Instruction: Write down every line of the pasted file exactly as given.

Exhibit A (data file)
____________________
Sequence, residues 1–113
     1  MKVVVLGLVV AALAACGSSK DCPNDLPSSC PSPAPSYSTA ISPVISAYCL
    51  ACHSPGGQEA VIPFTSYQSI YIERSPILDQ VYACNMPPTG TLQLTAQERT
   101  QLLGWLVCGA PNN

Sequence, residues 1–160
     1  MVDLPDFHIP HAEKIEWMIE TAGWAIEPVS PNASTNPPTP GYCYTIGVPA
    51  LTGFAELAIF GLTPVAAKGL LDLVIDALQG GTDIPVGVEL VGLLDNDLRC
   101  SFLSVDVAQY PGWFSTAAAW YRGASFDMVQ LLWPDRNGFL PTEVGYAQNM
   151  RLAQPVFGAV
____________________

Sequence, residues 1–113
     1  MKVVVLGLVV AALAACGSSK DCPNDLPSSC PSPAPSYSTA ISPVISAYCL
    51  ACHSPGGQEA VIPFTSYQSI YIERSPILDQ VYACNMPPTG TLQLTAQERT
   101  QLLGWLVCGA PNN

Sequence, residues 1–160
     1  MVDLPDFHIP HAEKIEWMIE TAGWAIEPVS PNASTNPPTP GYCYTIGVPA
    51  LTGFAELAIF GLTPVAAKGL LDLVIDALQG GTDIPVGVEL VGLLDNDLRC
   101  SFLSVDVAQY PGWFSTAAAW YRGASFDMVQ LLWPDRNGFL PTEVGYAQNM
   151  RLAQPVFGAV